As for the wings themselves, most stores carry them, but you can usually find the best ones at a local butcher. Back home in the Southeast, I could find turkey wings all year round; both whole wings and split. But here in the Southwest where I currently live, they’re much more seasonal. I personally prefer to buy smallish wings and drums with the tips still on. Huge wings you’d find at your local state fair are still delicious, but will take longer to cook and, at least to me, don’t have the same tender texture or depth of flavor.
- For the Brine:
- 1/4 cup plus 2 tablespoons (2 ounces; 55g) Diamond Crystal kosher salt; for table salt use half as much by volume or the same weight
- 1 tablespoon (1/2 ounce; 15g) light brown sugar
- 1 tablespoon whole black peppercorns
- 2 bay leaves
- 6 turkey wing flats or 3 whole turkey wings split into flats and drums (about 3 pounds/1.3kg total; see note)
- 1 shallot (3/4 ounce; 20g), cut in half
- 5 sprigs fresh thyme
- 1 large sprig fresh rosemary
- For the Braise:
- 3 1/2 tablespoons (50ml) vegetable, canola, or other neutral oil, divided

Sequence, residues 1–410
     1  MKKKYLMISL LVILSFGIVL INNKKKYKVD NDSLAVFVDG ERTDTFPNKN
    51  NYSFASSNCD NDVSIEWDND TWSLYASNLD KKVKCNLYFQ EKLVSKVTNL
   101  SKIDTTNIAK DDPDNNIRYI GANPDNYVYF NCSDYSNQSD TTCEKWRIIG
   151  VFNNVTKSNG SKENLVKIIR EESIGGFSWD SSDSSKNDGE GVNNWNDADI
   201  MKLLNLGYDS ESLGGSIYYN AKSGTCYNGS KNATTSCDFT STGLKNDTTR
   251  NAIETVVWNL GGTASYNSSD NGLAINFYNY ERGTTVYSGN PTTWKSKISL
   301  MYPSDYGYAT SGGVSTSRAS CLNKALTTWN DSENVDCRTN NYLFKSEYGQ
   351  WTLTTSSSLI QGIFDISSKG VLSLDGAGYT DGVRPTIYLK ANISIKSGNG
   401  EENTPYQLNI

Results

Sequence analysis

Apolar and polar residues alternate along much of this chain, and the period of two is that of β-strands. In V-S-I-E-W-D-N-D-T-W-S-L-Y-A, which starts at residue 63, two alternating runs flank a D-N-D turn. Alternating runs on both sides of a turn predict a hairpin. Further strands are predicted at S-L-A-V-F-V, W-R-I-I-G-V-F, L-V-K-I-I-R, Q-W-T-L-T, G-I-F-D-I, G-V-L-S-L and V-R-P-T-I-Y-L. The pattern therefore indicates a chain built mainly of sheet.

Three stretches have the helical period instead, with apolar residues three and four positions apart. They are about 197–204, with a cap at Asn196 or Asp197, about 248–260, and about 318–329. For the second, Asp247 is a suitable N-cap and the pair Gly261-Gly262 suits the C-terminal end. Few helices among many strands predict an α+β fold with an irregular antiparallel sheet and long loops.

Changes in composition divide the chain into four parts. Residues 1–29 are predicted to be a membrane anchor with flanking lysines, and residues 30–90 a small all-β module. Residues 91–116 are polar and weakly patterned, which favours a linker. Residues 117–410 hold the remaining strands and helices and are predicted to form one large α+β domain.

- 1 medium (8-ounce; 225g) yellow onion, thinly sliced
- 1 large (5-ounce; 140g) carrot, peeled and thinly sliced crosswise into rounds
- 1 celery rib (about 2 ounces; 55g), thinly sliced on the bias
- 2 1/2 tablespoons all-purpose flour
- 2 1/2 cups homemade chicken stock or low-sodium broth, plus more if needed
- 1 teaspoon dried sage powder
- 1/2 teaspoon freshly ground black pepper
- 1/2 teaspoon granulated garlic
- 1/2 teaspoon onion powder
- 1/4 teaspoon smoked paprika
- Kosher salt
For the Brine: In a large mixing bowl, prepare an ice bath. In a 2-quart saucepan, stir together 1 quart (1L) water with salt, brown sugar, peppercorns, and bay leaves over medium heat until brine reaches a gentle simmer and salt and sugar have dissolved. Set saucepan in ice bath, making sure it doesn't cause an overflow, and stir brine until cooled to room temperature. In a large zipper-lock bag, add turkey wings, shallot, thyme, and rosemary. Carefully pour cooled brine on top, seal, pushing out any excess air, and refrigerate for at least 3 and up to 8 hours.
Drain wings, discarding brine and aromatics. Dry wings well with paper towels. Set aside.